Happy Halloween my friends! I hope you are having an easy Monday, and if you have trick-or-treaters, I hope there's some sweet treats for you!
I'm taking a new approach to my blog, for many reasons. I really had to dig deep and find what I'm passionate about- enough to actually blog about it. So in the coming weeks you'll find more cultural diversity through my blog, as I explore the places of origin of some of my favorite things! We'll journey deep into the roots of chakras, Reiki, Feng Shui, Acupuncture, sound healing, aromatherapy and more! I hope you enjoy!
Today, I want to take a deep look into the history behind Tibetan Singing bowls. These are beautiful instruments that I'm so drawn to, so I decided to do a little research. Through my research in various articles and numerous Tibetan Monk interviews I was surprised at some of the information, but other information seemed like I'd known it for years!
While singing bowls are distinctly Himalayan, they are a remnant of a very ancient craft that did not originate in the Himalayas. In fact, the technology was a late arrival to the region – a technology which has been lost everywhere else in the world. Bowls from ancient Persia and Khurasan made with the same technology date back 5,000 years!
While they are found in Japan, China, Korea, and Vietnam, singing bowls were likely first invented in Nepal. Bronze has been made in Nepal for at least 700 years, perhaps as long as 1,200 years. The oldest known singing bowl from the Himalayas is about 600 years old. These early singing bowls are direct descendants of bronze bowls from ancient Persia dating as old as the 9th century.
Another migration route is from Southeast Asia, around modern day Thailand and Cambodia. Southeast Asian bronze making developed parallel to the Near East. Southeast Asian bronze bells and drums have been discovered dating back up to 4,000 years. These instruments too are said to bring healing, cleansing properties. Ancient bronze bowls are also found in the region. They are not singing bowls but their manufacturing methods were adopted by singing bowl makers by the 17th century.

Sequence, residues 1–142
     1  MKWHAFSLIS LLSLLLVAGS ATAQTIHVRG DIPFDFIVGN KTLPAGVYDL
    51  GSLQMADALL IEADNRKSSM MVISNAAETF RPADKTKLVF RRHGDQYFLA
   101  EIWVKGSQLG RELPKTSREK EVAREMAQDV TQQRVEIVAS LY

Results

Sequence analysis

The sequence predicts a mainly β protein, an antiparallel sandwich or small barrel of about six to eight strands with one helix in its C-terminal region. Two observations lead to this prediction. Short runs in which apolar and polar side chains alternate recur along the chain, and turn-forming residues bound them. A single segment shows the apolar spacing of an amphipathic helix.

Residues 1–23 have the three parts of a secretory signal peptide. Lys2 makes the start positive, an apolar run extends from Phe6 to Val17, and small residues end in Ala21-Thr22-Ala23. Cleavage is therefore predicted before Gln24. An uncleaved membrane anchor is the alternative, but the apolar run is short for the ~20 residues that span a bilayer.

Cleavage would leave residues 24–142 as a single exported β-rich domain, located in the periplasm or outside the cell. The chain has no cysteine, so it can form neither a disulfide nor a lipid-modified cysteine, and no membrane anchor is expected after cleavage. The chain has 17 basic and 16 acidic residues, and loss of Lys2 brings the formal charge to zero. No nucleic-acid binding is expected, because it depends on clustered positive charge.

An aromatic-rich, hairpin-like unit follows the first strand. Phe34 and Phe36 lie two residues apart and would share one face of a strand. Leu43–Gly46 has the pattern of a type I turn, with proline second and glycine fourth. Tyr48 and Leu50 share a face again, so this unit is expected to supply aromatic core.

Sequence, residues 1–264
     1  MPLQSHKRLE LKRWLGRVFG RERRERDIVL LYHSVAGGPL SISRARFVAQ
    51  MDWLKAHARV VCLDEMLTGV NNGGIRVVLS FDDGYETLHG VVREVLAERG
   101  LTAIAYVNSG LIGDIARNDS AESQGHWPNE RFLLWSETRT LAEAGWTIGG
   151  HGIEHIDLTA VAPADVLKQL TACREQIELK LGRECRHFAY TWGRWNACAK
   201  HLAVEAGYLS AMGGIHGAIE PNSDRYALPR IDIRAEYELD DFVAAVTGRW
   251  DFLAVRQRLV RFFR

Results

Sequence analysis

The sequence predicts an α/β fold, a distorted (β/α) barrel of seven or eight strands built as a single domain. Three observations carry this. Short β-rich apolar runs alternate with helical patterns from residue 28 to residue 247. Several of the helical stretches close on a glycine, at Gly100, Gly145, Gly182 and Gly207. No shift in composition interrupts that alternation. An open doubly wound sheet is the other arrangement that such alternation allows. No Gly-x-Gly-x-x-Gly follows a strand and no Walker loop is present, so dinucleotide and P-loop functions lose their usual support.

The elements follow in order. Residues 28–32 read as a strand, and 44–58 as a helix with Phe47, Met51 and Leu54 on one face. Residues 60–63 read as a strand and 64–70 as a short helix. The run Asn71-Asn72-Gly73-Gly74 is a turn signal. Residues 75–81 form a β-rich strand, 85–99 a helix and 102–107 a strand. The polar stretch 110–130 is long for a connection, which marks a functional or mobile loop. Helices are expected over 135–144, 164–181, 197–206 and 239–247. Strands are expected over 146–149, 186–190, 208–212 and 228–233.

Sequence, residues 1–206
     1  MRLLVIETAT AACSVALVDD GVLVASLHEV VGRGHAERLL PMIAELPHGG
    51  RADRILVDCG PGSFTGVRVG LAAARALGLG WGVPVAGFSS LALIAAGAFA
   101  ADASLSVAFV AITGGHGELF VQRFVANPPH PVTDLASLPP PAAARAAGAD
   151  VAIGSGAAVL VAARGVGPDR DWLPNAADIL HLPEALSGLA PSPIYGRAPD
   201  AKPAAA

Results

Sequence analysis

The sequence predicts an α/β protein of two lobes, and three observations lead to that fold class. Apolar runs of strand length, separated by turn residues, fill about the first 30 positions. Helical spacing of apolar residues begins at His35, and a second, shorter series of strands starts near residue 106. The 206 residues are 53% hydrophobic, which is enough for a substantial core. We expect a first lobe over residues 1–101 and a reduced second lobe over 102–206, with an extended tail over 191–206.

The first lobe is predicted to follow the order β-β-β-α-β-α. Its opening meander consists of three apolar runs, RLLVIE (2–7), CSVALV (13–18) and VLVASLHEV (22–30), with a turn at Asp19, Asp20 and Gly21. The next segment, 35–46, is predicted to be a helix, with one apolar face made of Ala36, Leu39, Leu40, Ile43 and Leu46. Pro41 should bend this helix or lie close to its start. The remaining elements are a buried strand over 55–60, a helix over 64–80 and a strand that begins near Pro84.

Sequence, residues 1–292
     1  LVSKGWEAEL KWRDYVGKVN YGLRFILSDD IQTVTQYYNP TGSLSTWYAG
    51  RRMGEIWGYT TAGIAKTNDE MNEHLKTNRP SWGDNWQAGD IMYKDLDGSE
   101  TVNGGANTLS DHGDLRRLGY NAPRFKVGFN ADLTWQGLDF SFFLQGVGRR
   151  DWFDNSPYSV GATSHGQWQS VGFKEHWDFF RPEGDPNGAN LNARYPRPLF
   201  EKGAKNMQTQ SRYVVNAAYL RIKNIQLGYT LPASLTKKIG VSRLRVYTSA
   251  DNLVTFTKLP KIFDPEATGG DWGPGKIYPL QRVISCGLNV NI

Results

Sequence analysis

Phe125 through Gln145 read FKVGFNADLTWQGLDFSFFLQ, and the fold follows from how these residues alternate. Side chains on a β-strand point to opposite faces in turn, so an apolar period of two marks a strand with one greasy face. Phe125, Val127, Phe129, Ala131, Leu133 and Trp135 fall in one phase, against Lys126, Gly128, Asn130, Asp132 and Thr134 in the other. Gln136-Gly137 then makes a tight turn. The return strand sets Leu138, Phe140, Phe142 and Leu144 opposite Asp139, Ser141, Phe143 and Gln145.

According to some Tibetan sources, singing bowls are said to be made of an alloy consisting of (depending upon who one is talking to) five, seven, or nine different metals. Legends have it that one of these metals is meteorite iron. It has been hypothesized that this use of meteorite iron may be one of the reasons why Tibetan bells have such amazing sounds. As the meteorites found in Tibet have traveled through a thinner layer of oxygen there would have been less burn-up of the meteorite iron, hence the meteorites found there may have a quality different than any others found in the world.
In Tibet, there are 4 major Monk Monastreys. Drepung Losel Ling is the most well known there and fortunately, I have been able to watch them live, on two separate occasions while they chant and meditate. It's pretty powerful! These monks are well known for their usage of the singing bowls for meditation and healing.
Surprisingly, today many of the Nepalese don't know that the bowls even sing. They are often seen using the bowls for eating and offering goods.
There is even a Tibetan custom of offering water placed in seven bowls on the alter each morning. This is done both in monasteries and in homes, as each household has it's own alter. Although it is conceivable that small singing bowls could be used for water offerings, the traditional shape of water offering bowls is much different than that of any singing bowl.
In more current times, we are seeing the use of singing bowls and sound healing services popping up everywhere throughout the US.
There are many different types of bowls, made with different metal mixtures. The size and shape of the bowls will determine what note the bowl plays. Some bowls play the "F" note, while others play "A" tones. Each tone correlates with the chakras and provides different levels of vibrational frequencies that bring healing.
Additionally, the bowl sings in correlation with the players vibration. The Drepung Monks have said that if the bowl does not sing well for it's player, it is because that person has negative karma. And on the other hand, if the bowl sings beautifully it is because the player has pure clean karma. I have personally witnessed this a few times. I've seen people try everything they can to get the bowl to sing, but if your vibration is low, you'll have a hard time getting the bowl to sing.
So, next time you see one or are near one, I encourage you to pick it up and play! You never know what it'll teach you about yourself!
-- Love & Peace Spirit- Translator Kim Babcock firstname.lastname@example.org http://www.kimbabcock.net/